Joe Grainger: Tributes paid to popular coach and player

Tributes have been paid to popular coach and player Joe Grainger, who sadly passed away last week. 

Colleagues and friends have been honouring the Gloucester Saxons man, who died aged 49 after a long battle with illness. 

Former Manchester Giants stars have also been remembering Grainger from his time as a player and assistant coach with the club during the 1990s, when his brother Panji starred for the BBL team. 

Joe played for Gloster Jets and Swindon Sonics and progressed as a junior England international before focusing on coaching and volunteering.  

Joe Grainger (centre) was a popular member of the Gloucester Saxons club

Panji said yesterday: "My brother Joe Grainger passed away this afternoon. Joe had been battling leukemia for a while and had recently succumbed to Covid-19. As a family we are taking our time coming to terms with today’s sad event. 

Given the restrictions on travel and movement it makes this ever more challenging, but we will find a way to remember the positives and continue to move forward. Joe was and will always be remembered as a character that left a memorable footprint on everyone.  

Anyone that met Joe will always have a fun story to tell. 

Unique and widely loved

Gloucester Saxons chairman Darren Cooke said: “This week we lost a unique and widely loved member of our basketball family. 

Joe Grainger most recently served the game as chairman of Gloucester Saxons.  Not only that but Joe co-ordinated Glozball, training of officials and coaches, matches for multiple junior age group teams and so enabled thousands of court hours for players from Gloucester and beyond.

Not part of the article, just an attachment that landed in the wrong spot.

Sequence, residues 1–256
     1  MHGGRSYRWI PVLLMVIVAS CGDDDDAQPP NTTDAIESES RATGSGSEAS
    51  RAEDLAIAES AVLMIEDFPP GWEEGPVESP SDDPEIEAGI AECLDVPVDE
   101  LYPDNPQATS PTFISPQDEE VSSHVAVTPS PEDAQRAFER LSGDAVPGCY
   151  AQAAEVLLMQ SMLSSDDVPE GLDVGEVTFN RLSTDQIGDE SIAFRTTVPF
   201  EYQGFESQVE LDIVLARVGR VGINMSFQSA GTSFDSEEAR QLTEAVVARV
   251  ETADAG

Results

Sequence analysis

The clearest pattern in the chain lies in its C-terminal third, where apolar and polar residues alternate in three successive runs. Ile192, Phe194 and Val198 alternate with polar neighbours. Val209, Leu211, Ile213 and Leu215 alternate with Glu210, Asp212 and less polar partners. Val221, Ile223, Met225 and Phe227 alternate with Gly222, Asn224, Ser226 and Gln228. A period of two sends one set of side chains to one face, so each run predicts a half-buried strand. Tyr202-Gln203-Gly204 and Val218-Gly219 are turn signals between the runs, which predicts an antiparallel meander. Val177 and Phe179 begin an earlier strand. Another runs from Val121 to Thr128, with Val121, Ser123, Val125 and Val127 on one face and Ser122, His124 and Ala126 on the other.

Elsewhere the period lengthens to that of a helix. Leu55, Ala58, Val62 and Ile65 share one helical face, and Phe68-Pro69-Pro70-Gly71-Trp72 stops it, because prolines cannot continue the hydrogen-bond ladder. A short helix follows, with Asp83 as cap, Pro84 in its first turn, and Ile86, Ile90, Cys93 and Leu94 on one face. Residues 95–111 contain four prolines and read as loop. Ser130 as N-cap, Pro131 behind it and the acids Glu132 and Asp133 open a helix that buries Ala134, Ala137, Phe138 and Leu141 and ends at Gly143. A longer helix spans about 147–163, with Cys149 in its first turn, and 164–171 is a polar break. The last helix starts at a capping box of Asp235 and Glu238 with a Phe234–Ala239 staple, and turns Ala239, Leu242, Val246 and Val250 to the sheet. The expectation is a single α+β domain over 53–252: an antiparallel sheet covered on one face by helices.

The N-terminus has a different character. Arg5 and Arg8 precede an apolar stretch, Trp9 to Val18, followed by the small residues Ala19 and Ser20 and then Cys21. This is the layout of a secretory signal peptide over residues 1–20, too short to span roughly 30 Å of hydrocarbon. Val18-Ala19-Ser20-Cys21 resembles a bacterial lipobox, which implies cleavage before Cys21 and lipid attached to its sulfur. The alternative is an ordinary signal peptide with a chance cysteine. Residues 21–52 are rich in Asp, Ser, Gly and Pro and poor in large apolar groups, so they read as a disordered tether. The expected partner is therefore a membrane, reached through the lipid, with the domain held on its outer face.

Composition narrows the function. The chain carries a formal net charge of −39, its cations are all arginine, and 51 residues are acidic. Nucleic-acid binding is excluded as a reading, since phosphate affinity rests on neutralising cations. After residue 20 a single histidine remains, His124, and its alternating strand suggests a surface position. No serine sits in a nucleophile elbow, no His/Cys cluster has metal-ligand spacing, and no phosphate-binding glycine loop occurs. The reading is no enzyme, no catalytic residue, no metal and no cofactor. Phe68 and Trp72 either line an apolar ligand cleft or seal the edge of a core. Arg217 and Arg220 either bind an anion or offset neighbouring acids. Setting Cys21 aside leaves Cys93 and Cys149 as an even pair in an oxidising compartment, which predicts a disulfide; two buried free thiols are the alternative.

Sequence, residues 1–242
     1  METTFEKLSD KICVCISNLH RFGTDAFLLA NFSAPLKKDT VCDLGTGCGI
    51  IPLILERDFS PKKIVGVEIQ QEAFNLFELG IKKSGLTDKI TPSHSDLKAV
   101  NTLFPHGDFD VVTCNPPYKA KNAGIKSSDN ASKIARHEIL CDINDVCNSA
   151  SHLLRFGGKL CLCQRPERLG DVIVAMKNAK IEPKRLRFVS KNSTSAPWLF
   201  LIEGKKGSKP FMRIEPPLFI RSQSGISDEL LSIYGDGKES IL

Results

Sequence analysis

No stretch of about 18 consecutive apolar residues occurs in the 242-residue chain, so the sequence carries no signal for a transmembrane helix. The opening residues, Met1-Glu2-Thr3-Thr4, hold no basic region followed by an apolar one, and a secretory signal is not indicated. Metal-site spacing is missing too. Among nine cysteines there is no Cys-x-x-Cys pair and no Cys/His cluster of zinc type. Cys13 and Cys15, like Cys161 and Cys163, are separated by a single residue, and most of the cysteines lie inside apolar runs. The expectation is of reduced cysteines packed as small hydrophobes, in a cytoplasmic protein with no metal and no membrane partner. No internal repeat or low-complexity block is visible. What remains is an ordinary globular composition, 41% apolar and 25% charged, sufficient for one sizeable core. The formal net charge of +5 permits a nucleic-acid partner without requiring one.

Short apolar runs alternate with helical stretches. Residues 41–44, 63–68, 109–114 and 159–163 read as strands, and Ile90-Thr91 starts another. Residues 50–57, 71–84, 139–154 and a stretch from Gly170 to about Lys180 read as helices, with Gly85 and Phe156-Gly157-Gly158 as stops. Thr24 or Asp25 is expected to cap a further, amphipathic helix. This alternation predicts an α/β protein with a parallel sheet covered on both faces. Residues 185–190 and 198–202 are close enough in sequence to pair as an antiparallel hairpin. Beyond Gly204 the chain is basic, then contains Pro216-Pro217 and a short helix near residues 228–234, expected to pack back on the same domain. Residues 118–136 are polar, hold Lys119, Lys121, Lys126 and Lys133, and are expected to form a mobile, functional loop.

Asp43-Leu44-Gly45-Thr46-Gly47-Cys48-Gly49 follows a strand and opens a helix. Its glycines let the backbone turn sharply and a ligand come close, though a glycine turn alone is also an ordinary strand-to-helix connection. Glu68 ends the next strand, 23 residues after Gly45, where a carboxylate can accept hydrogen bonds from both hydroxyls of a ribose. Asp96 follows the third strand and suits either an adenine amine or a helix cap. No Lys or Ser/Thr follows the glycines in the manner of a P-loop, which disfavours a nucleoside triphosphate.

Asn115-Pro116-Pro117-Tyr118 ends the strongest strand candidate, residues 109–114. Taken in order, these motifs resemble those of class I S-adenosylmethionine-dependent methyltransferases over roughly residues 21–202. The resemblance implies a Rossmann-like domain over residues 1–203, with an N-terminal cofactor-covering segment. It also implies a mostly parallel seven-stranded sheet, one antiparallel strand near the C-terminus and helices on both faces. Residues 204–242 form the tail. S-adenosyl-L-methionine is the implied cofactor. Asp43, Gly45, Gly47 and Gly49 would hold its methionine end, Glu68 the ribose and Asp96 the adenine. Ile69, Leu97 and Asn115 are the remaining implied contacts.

We will celebrate all that Joe brought to our lives properly very soon. In the meantime, our thoughts go out to Joe's family, close friends and every life he touched. 

Rest easy Joe, we've got this. 

Saxons clubmate Danny James said: “He was the most inclusive coach and person I've ever worked alongside, at the outdoor court he would encourage onlookers to get involved, and would create teams to involve everybody. As a coach he would engage with everybody from those just picking up a ball to those on the player pathway. 

“Joe was an inspiration to many and was always willing and ready to chat about the game he loved so much,” 

He led by example

Former Gloster mentor Paul Christensen added: “Despite attending a school where no basketball was played, Joe was an outstanding member of the Gloster Jets teams for a number of years, and captained the team in what was then the National Junior League in 1978-9.  He was always determined to make the very most of his ability.   

“His university place took him to the North West, playing his final junior year at Ellesmere Port, then moving on to Bury and Manchester as player and assistant coach. He led by example on court and had the highest expectations of himself and others, whilst having a very dry sense of humour. 

Friend and Basketball England director Graham Biggs said: "Joe was a friend, a baller and a legend that kept going through adversities. Even when floored by illness, Joe would still be opening up and making it possible for the next generation of ballers to show up in Glozball Central Venue Leagues all weekend.  

His taunting of my practicing free shots with 'he's a netball player' still echoes. 

"All at Basketball England extend our condolences to Joe's family and friends."